Twelve Mad Men – Ryan Bracha interviewed

When the outrageously talented self-published author Ryan Bracha (Paul Carter Is A Dead Man, Strangers Are Just Friends You Haven’t Killed Yet) contacted me about being part of a wild anthology idea that he had regarding twelve mad men in an institution I jumped at the idea. It was an exciting project involving a lot of seriously talented writers (Paul Brazill, Keith Nixon, Gerrard Brennan, Les Edgerton, just a few of those participating) – how could I not get involved? The concept involved 12 tales featuring fictionalised versions of each author around which Bracha would construct a bridging tale before tying the strands together at the very end. Kind of like one of those anthology horror movies from the 70s, but much better. I’d be bloody mad if I shirked this opportunity (especially as I’d never submitted a story to a collection before).

And now Twelve Mad Men is finally finished and out there – adding some serious craaaaazy to Amazon’s website. I interviewed Ryan about the project and what brought it about etc. Have a gander at how it went.

How did you come up with the concept for Twelve Mad Men?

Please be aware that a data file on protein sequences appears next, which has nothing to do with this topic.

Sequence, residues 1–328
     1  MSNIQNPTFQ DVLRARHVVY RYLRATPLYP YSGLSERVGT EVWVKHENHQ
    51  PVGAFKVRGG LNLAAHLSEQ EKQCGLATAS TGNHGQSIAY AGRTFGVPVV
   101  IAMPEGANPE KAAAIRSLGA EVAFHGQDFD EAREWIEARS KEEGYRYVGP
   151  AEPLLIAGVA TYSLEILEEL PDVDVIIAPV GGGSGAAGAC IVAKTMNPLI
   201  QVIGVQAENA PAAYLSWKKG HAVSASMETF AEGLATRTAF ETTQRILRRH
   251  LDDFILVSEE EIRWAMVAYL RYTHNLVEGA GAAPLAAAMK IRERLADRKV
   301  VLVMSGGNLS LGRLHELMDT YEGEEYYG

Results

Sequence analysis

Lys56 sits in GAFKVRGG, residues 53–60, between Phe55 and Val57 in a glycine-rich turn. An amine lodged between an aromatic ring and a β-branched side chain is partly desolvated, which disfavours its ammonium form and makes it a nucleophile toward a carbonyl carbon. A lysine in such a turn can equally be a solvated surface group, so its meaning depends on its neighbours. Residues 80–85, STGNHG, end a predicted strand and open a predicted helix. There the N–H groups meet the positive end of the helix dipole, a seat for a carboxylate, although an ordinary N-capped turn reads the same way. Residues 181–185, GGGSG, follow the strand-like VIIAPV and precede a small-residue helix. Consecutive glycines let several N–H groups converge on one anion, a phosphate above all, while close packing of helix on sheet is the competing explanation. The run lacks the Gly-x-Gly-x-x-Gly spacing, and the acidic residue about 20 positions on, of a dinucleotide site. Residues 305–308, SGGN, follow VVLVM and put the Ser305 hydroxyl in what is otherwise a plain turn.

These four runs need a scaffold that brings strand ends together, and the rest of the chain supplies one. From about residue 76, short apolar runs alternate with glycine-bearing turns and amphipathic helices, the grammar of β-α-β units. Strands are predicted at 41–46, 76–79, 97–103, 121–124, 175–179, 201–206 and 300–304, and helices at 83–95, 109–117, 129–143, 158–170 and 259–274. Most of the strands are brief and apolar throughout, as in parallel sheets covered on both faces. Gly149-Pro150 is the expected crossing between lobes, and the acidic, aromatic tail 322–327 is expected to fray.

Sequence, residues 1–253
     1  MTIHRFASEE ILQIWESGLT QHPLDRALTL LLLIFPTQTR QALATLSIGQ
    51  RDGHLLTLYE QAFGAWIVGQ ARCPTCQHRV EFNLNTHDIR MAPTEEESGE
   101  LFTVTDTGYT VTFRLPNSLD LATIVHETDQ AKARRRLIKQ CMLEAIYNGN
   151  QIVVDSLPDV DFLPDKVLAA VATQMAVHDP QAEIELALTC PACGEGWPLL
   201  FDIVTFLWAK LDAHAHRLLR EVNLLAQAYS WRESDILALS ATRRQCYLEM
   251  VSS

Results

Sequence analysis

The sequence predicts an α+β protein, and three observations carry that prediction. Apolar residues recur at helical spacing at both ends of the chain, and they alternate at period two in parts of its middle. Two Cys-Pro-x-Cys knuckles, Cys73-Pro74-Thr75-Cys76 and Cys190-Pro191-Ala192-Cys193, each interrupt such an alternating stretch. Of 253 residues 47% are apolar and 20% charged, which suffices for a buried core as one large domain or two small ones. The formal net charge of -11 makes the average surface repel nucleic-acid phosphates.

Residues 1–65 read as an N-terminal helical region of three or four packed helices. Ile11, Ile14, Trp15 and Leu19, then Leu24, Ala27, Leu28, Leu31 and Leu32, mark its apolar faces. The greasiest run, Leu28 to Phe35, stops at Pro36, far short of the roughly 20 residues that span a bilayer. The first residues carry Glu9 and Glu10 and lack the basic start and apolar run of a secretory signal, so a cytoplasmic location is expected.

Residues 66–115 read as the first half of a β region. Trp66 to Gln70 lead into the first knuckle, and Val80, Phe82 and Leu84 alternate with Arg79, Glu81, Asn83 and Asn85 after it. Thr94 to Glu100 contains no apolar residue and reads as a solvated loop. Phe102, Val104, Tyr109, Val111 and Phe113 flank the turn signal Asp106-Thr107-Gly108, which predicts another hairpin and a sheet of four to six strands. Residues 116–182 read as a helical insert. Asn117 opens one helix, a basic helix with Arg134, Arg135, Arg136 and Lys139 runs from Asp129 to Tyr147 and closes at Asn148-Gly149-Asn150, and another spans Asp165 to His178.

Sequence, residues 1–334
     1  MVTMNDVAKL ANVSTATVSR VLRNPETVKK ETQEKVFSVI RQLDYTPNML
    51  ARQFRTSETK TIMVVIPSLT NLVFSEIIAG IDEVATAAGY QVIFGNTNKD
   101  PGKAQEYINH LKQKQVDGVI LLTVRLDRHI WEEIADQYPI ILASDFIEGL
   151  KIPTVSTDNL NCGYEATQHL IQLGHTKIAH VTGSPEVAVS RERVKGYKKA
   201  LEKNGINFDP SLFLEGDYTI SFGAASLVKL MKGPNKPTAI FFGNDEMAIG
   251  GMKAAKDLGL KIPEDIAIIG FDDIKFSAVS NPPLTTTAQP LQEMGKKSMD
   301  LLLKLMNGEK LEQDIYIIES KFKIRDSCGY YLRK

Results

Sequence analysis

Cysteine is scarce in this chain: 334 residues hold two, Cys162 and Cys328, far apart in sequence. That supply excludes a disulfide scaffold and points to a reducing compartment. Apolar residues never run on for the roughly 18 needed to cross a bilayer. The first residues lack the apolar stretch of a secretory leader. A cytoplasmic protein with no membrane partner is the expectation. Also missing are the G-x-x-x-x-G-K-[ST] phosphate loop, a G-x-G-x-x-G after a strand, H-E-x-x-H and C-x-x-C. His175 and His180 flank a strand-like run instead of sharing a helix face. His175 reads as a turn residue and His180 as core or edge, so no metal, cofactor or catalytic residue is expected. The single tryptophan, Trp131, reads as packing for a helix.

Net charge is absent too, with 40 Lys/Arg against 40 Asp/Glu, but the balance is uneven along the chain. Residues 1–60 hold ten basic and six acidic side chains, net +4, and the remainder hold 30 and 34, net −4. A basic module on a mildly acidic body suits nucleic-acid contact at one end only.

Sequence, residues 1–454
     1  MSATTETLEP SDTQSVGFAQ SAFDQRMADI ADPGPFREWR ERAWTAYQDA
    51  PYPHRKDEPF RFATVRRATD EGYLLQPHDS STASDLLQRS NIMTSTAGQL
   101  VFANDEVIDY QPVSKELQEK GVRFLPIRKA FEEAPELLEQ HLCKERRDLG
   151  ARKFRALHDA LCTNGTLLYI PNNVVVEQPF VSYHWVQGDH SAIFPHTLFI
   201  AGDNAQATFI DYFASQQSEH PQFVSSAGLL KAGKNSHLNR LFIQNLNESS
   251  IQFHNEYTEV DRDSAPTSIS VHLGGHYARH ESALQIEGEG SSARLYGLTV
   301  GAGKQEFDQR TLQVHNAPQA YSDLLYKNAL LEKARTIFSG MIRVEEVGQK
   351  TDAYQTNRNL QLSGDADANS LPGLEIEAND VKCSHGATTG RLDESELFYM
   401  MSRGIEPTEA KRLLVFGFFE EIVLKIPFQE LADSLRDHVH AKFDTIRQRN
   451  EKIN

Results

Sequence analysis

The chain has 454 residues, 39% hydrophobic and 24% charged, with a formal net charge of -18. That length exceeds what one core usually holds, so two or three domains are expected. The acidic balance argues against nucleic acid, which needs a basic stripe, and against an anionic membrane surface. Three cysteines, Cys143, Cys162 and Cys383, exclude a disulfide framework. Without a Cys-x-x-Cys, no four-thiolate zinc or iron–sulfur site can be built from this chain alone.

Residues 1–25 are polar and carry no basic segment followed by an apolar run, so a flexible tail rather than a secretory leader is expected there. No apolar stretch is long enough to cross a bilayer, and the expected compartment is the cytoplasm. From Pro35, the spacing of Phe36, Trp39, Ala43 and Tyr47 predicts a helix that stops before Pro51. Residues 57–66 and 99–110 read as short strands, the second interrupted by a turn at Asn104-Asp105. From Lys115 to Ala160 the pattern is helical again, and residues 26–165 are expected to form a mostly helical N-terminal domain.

It came to me one night when I was a bit tipsy and spouting off at fellow writer and friend Mark Wilson about how, as indie writers, we’ve got a better opportunity than ever before to experiment with our work. It was all about how there are so many writers out there trying to rip off what’s worked on a massive scale in the past (Harry Potter, Fifty Shades, Lord of the Rings, Terry Pratchett etc.) and trying to grab a quick buck rather than use the creativity and imagination they were gifted with to do something awesome. Mark tends to feel the brunt of the ideas factory that is my brain. I come up with several ideas every week to try to do something original, most will be completely ridiculous and fall by the wayside, but some of them grow legs and I can run with them. This one was one of the latter. I wanted to put a bunch of wildly different, but equally talented writers in one place, and see what they did when given the exact same brief. I wanted to challenge myself to think on my feet, so the improvisation aspect jumped into the picture. The narrative theme just gave each writer the scope to be as ridiculous, violent, intense or comedic as they wanted to be.